After the groundbreaking announcement that liquid water was found on Mars, NASA (National Aeronautics and Space Administration) and America Makes (National Additive Manufacturing Innovation Institute) held a $2.25 million Mars Habitat competition in which teams competed to design and build a 3-D printed habitat suitable for living on the Red Planet itself. Among 168 innovative projects, Turkish architect Güvenç Özel and his team 'Hybrid Composites' came in 4th place in the 3D-Printed Mars Habitat Challenge.Design Competition.
Özel, who lives in the United States, has brought forward with his team a project which has taken modern day concrete 3D printing to a new level with a 'Hybrid composites' design. The 'reactive' structure they created uses local basalt as its primary material along 'with fast-curing polymers and high-performance composite fibers' which would react to heat and UV light.
Born in Turkey's İzmir province, Özel is an architect, faculty member and researcher at UCLA's Architecture department and has been conducting research on aerospace engineering, material sciences, robotics and many more.
As part of NASA's Centennial Challenges program, the competition focused on additive manufacturing technology for sustainable housing in an off-Earth habitat.
The competitors were asked to design a base for four astronauts by using 3-D printing techniques. Judged on architectural concept, design, habitability, functionality, 3-D print constructability, Mars site selection and innovation, the teams were only allowed to use indigenous materials as their primary sources.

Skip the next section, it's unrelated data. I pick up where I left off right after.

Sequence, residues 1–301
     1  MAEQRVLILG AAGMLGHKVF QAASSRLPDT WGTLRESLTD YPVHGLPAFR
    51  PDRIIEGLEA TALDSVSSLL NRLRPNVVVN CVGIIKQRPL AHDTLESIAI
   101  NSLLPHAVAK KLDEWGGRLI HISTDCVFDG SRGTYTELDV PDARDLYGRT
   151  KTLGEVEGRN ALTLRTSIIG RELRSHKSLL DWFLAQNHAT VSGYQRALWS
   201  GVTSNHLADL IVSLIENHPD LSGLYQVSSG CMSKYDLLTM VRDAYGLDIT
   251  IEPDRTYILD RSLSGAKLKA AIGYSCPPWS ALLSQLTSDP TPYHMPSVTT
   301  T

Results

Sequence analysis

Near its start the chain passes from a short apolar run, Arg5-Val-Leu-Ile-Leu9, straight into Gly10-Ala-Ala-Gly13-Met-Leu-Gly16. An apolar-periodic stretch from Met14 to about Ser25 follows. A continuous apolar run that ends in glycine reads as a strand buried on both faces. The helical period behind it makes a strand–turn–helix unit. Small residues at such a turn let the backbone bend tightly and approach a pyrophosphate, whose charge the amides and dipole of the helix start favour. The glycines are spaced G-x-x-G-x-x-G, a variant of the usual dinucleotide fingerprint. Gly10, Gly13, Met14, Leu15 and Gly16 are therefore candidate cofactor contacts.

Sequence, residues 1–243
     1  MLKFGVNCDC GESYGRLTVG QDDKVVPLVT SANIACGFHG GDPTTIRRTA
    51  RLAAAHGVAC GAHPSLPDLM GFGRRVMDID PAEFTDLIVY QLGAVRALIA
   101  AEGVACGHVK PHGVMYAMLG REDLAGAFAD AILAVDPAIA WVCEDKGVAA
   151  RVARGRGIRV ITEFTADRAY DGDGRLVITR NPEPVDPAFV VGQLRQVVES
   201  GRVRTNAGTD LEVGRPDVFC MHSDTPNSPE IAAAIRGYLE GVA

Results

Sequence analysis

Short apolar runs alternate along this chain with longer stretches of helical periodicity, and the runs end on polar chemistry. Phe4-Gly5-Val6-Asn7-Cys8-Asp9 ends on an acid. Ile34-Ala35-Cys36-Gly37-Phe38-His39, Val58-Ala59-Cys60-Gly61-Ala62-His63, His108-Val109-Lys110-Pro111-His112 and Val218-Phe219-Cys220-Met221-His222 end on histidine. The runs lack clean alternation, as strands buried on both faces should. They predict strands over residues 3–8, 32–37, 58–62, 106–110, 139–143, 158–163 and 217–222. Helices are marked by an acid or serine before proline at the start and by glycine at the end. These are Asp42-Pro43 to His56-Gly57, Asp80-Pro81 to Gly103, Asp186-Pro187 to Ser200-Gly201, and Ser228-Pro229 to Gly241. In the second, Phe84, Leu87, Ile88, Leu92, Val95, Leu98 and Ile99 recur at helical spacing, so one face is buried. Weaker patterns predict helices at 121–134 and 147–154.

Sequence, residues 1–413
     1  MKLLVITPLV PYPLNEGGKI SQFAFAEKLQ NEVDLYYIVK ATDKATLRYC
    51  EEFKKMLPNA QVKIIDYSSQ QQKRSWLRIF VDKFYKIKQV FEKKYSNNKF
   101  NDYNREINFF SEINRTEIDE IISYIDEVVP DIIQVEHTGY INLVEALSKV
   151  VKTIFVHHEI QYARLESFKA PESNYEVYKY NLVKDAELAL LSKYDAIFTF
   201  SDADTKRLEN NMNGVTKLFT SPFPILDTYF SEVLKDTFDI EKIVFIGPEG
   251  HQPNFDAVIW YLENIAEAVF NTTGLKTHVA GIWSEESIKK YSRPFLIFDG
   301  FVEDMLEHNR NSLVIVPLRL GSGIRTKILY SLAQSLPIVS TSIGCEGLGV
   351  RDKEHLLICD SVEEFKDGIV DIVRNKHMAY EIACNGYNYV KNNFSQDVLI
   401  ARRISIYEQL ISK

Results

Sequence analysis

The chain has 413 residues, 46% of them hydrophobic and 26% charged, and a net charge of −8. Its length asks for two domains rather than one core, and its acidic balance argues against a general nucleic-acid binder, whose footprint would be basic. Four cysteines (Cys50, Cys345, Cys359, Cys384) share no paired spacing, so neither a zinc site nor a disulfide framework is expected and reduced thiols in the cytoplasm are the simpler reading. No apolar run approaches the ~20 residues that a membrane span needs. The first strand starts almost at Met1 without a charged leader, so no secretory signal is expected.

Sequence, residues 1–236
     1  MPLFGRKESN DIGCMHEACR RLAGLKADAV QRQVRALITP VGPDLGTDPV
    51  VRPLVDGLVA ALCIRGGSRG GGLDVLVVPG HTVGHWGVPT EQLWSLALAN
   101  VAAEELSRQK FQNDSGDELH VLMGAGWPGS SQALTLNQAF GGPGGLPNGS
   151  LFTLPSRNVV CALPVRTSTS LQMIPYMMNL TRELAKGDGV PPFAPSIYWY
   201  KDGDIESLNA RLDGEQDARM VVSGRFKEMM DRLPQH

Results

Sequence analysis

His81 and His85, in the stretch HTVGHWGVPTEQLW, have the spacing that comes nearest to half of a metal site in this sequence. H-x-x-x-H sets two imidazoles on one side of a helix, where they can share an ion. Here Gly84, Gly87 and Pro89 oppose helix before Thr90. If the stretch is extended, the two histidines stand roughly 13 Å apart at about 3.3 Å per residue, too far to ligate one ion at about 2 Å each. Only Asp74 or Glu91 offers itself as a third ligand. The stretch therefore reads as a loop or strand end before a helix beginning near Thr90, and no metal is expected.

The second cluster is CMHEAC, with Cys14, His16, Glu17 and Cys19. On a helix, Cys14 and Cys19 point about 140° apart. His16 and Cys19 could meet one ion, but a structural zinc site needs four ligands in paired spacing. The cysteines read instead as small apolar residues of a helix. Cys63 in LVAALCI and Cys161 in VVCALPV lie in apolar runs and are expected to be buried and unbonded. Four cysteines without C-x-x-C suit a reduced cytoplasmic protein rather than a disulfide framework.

Among all submissions received, the 30 highest-scoring entries were judged and displayed at the New York Maker Faire event within the scope of the first stage of the 3-D Printed Habitat Challenge Design Competition.
NASA revealed that the winning designs will be funded to create a habitat for the first visitors to the red planet.
The first-place award of $25,000 went to Team Space Exploration Architecture and Clouds Architecture Office for their "Mars Ice House" design, whereas second-place British Team Gamma architects Foster and Partners received $15,000 with a design resembling a "hobbit hole".
Third place was awarded to Team LavaHive, who received $10,000 for their inflatable space habitat made out of recycled spacecraft materials.
Scientists previously reported on September 28, 2015 that Mars appeared to have not only frozen water but flowing streams of salty water, at least in the warmer months. They had said that dark, narrow streaks grew during the Martian summer, and faded the rest of the year. Salt lowers the freezing point of water, and scientists say that would explain these seasonal briny flows.
to read our informative text prepared pursuant to the Law on the Protection of Personal Data No. 6698 and to get information about the
used on our website in accordance with the relevant legislation.
6698 sayılı Kişisel Verilerin Korunması Kanunu uyarınca hazırlanmış aydınlatma metnimizi okumak ve sitemizde ilgili mevzuata uygun olarak kullanılan
ilgili bilgi almak için lütfen